Our Priority? Every Opportunity!

As we study how to glorify God with every part of our being, we turn next to training our soul for Christ-likeness.

The Hebrew culture understood the soul (nephesh) as the unity of a person. The Greeks viewed the parts of human beings in opposition: the body imprisoned the soul (psyche). In Genesis 2:7, the soul was formed when God breathed His spirit into the body.

Rolland McCune writes, "Man's individuality, or his individual identity as a person, comes by the union of body and spirit. The soul in biblical thought expresses man's individuality as a human being, his humanness, which itself resides in his spirit. Thus, while the spirit is the locus of man's rationality and personality, the soul is related to his individuality. Man's personal self-conscious, volitional, emotional individuality is expressed through the soul. Perhaps this is why soul often stands for the whole of a person in the Scriptures." (A Systematic Theology of Biblical Christianity, volume 2)

How do we develop our soul toward greater Christ-likeness? We will examine three areas of our lives as individuals: how we use our time, talents, and resources. All of these are not ours, but God's, since He has bought the entirety of us with Christ's blood. How must we honor Him?

Stewarding Our Time

There are many noteworthy quotations on the nature and use of time. A secular author said, "Time is all we have. Master your time, and you will master your life. Time is what you make of it. You don't have time, you make time. it's your most valuable resource." Even Kung Fu Panda has a valuable insight about time: "Yesterday is history, tomorrow is a mystery, but today is a gift. That is why it is called the 'present.'"

We can view time as a resource to invest, something to be filled, a commodity, or a gift. Another person said, "Time cannot be turned off or on like a machine or replaced like a man, and it is irretrievable." Neither can we save it. We utlilize it, either well or poorly, then it's gone. Time is a gift. It is not to be used for our own advantage, but stewarded for eternal reasons.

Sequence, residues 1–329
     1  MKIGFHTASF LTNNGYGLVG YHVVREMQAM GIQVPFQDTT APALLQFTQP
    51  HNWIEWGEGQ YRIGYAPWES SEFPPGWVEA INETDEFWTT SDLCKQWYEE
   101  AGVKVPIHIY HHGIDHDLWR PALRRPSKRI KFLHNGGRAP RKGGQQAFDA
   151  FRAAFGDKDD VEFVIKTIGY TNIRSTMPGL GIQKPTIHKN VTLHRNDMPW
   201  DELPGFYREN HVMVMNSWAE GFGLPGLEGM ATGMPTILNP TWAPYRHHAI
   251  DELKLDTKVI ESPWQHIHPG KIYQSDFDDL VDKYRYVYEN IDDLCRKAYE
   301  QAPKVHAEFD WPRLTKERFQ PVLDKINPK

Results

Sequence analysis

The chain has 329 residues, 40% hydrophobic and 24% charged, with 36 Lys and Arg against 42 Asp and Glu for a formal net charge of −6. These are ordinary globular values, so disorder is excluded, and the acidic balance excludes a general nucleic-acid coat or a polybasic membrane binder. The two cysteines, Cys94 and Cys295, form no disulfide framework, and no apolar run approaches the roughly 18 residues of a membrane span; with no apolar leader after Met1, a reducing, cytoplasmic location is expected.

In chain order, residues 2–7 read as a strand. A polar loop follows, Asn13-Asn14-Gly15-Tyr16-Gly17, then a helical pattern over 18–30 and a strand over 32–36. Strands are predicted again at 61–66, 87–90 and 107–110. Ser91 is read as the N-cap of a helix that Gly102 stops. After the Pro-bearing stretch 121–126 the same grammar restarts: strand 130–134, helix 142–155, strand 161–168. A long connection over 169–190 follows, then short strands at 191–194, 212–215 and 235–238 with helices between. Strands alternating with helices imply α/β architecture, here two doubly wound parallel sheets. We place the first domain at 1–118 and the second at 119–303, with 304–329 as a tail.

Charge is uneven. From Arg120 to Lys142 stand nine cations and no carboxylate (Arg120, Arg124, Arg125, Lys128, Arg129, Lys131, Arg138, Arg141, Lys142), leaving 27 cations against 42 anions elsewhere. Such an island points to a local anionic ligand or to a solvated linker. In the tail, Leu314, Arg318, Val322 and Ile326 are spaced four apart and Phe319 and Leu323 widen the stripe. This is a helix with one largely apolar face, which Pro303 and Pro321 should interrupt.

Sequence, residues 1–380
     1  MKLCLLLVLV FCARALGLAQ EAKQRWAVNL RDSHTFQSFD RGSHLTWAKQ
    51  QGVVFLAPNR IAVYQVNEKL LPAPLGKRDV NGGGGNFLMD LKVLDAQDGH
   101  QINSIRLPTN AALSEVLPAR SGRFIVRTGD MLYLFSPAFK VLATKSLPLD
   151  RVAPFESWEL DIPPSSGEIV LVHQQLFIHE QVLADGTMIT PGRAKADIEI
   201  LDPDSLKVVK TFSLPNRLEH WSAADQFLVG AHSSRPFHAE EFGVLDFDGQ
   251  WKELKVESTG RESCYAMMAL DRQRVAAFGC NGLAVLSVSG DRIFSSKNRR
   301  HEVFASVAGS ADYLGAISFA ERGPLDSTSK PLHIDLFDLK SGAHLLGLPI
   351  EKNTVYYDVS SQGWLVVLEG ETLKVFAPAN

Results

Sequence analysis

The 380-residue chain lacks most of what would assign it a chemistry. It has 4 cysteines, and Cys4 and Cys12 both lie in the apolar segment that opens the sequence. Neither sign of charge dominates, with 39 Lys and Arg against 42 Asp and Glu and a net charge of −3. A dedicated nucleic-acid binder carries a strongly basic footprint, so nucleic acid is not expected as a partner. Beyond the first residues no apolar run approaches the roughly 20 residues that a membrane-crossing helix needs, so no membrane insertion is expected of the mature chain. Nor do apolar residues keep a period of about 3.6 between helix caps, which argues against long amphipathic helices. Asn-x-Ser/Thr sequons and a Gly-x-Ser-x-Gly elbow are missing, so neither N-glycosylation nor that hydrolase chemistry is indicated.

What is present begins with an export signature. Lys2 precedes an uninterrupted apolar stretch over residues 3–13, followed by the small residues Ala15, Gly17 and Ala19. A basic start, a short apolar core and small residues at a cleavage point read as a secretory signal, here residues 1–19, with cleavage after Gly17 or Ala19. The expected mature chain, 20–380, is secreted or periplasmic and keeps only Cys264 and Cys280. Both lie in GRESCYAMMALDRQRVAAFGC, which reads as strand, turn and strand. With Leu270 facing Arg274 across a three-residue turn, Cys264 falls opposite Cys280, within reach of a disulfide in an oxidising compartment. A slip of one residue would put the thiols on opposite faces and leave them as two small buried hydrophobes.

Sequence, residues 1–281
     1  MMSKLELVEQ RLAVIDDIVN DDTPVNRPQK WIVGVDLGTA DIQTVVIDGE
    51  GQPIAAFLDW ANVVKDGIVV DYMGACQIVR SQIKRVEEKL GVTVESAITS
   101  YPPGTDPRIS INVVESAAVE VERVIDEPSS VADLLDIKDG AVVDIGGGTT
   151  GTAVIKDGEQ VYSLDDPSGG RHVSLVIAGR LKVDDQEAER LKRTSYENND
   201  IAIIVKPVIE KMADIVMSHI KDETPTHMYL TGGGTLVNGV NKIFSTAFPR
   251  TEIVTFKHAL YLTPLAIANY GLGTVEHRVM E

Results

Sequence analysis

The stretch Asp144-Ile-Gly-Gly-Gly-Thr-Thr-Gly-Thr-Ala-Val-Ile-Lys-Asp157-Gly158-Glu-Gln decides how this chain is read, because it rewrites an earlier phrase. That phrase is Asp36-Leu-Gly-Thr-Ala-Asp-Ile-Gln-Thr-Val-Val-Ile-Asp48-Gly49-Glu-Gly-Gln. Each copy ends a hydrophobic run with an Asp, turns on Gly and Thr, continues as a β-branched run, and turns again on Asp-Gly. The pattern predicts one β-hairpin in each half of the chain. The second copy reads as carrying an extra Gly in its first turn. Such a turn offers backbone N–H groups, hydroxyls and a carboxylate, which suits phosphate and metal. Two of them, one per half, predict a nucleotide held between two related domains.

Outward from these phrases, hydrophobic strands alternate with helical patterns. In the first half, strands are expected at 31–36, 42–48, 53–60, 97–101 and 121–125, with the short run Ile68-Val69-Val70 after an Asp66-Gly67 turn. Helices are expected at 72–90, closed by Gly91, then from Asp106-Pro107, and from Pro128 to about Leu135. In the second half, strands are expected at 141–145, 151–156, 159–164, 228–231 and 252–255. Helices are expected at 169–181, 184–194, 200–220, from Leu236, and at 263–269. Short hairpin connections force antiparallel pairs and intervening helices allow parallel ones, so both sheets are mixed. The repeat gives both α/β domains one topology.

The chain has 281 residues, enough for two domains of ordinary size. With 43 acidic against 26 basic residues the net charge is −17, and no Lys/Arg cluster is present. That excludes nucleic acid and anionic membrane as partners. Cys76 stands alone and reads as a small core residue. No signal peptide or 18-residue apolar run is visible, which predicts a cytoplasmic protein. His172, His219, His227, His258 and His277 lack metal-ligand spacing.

Do you ever ask yourself why you are so busy, yet nothing seems to be completely done? Life fills up quickly with all our obligations to work, family, church, friendships, volunteering, and leisure. We each have a certain capacity to invest ourselves in our lives. Here is the difference for the believer: we always have an eternal purpose in what we do, and that is to glorify God and reach souls for Christ.

"Primarily, the Bible views time as the limited succession of days through which human experience of the world flows. Human beings are allotted their appointed span of time. "The Lord gives and the Lord takes away." Ultimately, God controls human destiny. Through sin, history has become the record of the activity of fallen human beings. God displays his redemptive grace toward lost humanity through the medium of history as well. His sovereignty over history is seen in the historical acts of redemption."

God is eternal. He is not bound by time. His decrees will happen on His timetable, in history and in each person's life. He wants all of you to be used for His purposes. We all ask fundamental questions like Who am I? Why am I here? What should I do? Sin makes these things confusing, but God's plan is actually simple.

Rehearsing biblical answers to these questions should be a regular spiritual discipline in our lives, as long as they point back to Scripture and God's purposes for our lives. 2 Corinthians 5 says that every Christian should have a mindset of spiritual reproduction. According to 2 Corinthians 3, we are all ambassadors of Heaven, anywhere we go and all the time.

The believing audience of James' letter had become distracted from the proper investment of their time. James 4:13-17 is not condemning business pursuits, planning, or travel. Instead, it condemns doing all these things as a practical atheist, without any care for surrounding souls. We need to know the Lord's will in any activity we add to our busyness. Take the mind of Christ with you as you make your plans for the next months and year.

Application Points

  • What makes you busy? Are the many quality things we're doing making some necessary things expendable? Are we doing the necessary things with a greater goal in mind? Your pursuit of education, marriage, athletic goals, philanthropy, work, and wealth must all be underpinned by eternal purposes.
  • What do you do for leisure? Are these environments where you can do the will of God?
  • Consider how you can have an eternal purpose in the busyness of your life. Take the mind of Christ with you as you make your plans for the next months and year.

Tools for Further Study

Cross References to Explore
  • 1 Corinthians 6:20, 1 Peter 1:18-19 – We have been bought by Christ's blood.
  • Psalm 90, 2 Peter 3:9 – God's eternality.
  • Mark 10:45 – Christ's purpose and ours.
A Hymn to Encourage: "For the Sake of His Name"

Go to the world for the sake of His name;
To every nation His glory proclaim.
Pray that the Spirit wise
Will open darkened eyes,
Granting new life to display Jesus’ fame.

In Jesus’ power, preach Christ to the lost;
For Jesus’ glory, count all else but loss.
Gather from every place
Trophies of sov’reign grace.
Lest life be wasted, exalt Jesus’ cross.

Love the unloved for the sake of His name;
Like Christ, befriend those whose heads hang in shame.
Jesus did not condemn,
But was condemned for them.
Trust gospel pow’r, for we once were the same.

Rescue the lost for the sake of His name;
As Christ commands, snatch them out of the flame.
Tell that when Jesus died
God’s wrath was satisfied.
Urge them to flee to the Lamb who was slain.

Look to the Throne for the sake of His name;
Think of the throng who will share in His reign.
Some for whose souls we pray
Will share our joy that day,
Joining our song for the sake of His name!